Yesterday, I spent all night tweaking my website to make it lighter, improving the loading time.
In the process, I got rid of my WordPress security plugin because, after doing some research and reading several posts, including this one and this one, I convinced myself that they are pretty overrated.
I already knew that they are “heavy” and can drag a WordPress website’s speed down, but I always thought they’re crucial. I never gave it a second thought.
Well, it turns out that there are other, better ways to secure a WordPress site. And I went with those.
If you’re a non-techie, not experienced with WordPress and security, and/or you’re on a crappy shared hosting, then I recommend sticking with a security plugin.
Anyway, there was one thing I still wanted that the security plugin had – to block brute-force attacks by limiting the number of login attempts, even though most bots come packed with thousands of different IPs, and can blast your site all day long.
This happened to me several months ago on one of my websites. A brute-force attack bot was trying over and over again to log in using the “admin” username, which resulted in instant bans.
It went on for two days until I disabled the email notification. The last count was 77 at attempts.
This probably wouldn’t have happened if I could have changed the login slug. Unfortunately, I couldn’t do this for that particular website.
Anyway, I digress again. Back to limiting the login attempts.
How to Use Cloudflare’s Rate Limiting Tool to Block Brute-Force Attacks
Using Cloudflare’s Rate Limiting is dead easy and free-ish!
You get the first 10,000 requests for free. After that, you’ll be charged $0.05 (5 cents) per 10,000 requests.
Rate Limiting is billed based on the number of good (not blocked) requests that match your defined rules across all your websites.
They explain the Rate Limiting billing, in detail, here.
Now, here’s what you need to do to block brute-force attacks with Rate Limiting.
First, make sure you’re adding Rate Limiting to the correct website. Then, go to Firewall > Tools.
Scroll to the Rate Limiting section and click on Protect your login.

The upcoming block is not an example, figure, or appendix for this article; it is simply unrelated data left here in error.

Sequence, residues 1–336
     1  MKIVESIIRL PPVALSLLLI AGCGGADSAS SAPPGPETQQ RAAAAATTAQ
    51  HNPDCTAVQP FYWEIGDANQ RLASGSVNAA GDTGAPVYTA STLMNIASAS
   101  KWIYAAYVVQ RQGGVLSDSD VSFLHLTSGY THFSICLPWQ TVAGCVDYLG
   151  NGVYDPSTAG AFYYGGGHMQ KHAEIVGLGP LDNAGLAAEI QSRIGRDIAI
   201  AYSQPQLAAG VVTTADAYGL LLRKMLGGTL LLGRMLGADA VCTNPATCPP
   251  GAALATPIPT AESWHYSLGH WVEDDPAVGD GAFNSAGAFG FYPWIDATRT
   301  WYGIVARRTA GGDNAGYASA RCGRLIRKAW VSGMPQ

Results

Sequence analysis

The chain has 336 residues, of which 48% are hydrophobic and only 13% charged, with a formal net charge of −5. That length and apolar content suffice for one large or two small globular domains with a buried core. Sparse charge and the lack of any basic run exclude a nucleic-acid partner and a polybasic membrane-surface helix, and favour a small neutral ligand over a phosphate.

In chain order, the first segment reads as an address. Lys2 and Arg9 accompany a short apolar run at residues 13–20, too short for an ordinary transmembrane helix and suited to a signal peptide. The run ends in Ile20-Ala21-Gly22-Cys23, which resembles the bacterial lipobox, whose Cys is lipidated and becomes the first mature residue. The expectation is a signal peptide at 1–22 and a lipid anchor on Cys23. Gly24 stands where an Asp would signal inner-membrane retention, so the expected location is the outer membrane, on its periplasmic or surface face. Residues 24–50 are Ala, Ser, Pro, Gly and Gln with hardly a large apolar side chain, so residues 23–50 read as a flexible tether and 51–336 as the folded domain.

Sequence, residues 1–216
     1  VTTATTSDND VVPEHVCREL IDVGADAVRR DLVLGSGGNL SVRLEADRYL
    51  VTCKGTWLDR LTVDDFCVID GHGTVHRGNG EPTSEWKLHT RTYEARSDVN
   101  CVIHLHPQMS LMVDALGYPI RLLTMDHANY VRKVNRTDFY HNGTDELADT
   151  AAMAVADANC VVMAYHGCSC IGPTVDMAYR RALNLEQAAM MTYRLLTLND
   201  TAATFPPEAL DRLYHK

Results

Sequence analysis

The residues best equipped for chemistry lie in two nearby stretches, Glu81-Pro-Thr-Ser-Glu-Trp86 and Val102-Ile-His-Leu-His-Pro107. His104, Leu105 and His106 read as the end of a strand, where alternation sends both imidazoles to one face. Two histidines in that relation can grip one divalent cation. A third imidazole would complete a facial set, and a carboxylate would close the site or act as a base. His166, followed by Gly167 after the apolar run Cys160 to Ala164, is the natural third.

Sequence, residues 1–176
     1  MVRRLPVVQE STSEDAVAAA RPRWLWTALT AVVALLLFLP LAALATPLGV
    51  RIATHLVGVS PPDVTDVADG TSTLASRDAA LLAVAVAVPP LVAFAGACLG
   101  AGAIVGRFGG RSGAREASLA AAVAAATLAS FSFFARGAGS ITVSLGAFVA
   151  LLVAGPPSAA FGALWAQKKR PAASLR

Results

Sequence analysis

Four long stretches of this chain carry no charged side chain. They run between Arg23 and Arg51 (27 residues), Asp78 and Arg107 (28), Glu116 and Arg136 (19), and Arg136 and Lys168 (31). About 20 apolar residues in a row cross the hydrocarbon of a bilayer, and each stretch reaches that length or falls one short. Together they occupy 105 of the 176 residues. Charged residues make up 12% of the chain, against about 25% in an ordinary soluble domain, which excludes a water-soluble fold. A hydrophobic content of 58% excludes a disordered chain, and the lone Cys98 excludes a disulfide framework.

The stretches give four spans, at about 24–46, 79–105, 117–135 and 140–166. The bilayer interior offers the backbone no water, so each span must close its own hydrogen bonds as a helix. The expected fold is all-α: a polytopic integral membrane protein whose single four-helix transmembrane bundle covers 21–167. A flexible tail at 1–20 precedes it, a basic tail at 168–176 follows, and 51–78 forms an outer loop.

The button in the screenshot is grayed out because I already used the rule. Yours won’t be.
You’ll be prompted to add your payment info after clicking the button.
Remember that you won’t be charged until after the first 10,000 requests, if you ever get there.
Add whatever name you want for the Rule Name field, then add your login URL (e.g.
If you’re using WordPress, don’t use the default login slugs, such as
/wp-admin/! More details why, in the next section.
After you click on Deploy, a rule is set to block the scoundrel for 15 minutes when sending more than 5 (POST) requests within 5 minutes.
Now Cloudflare will handle the brute-force attacks, sending an HTTP 429 (Too Many Attempts) code when the attacker is blocked.
Create a custom rule (optional)
If you want a bit more flexibility, you can create a custom rule instead, where you can select:
- Lower/higher number of requests;
- Requests per 1 minute or 10 seconds;
- A blocking period of 1 minute or 1 hour.
Unfortunately, the options for the custom rule are limited for the Free plan.
1. Create a Rate Limiting notification
Create a notification in your Cloudflare Account for Rate Limiting, as it’s explained here, so that you can get notified when a certain number of requests are exceeded.
That way, you can get a heads up when you’re getting close to the free 10,000 requests.
2. Avoid using a common login slug, especially if using WordPress
The default login slugs for WordPress are:
The first three redirect to the last one:
Every hacker knows them, so they will get straight to them, either themselves or through a bot.
So, if you don’t change it, it’s one-shot for them. They can get to work immediately, pounding your login page with login attempts, potentially burning your free 10,000 requests from Cloudflare’s Rate Limiting along the way.
So, for WordPress, if you don’t have a WordPress security plugin that does this, use WPS Hide Login.
This will change your login slug, and the default ones will return a 404 Page Not Found error.
So, if a hacking bot is set to target
/wp-admin/, for example, it will bump into a 404 error code, so there’s nothing for it to attack.
The same goes for those not using WordPress. Try not to use common login slugs like
That’s a Wrap
I hope you found this guide useful, and you managed to add an extra layer of security to your website.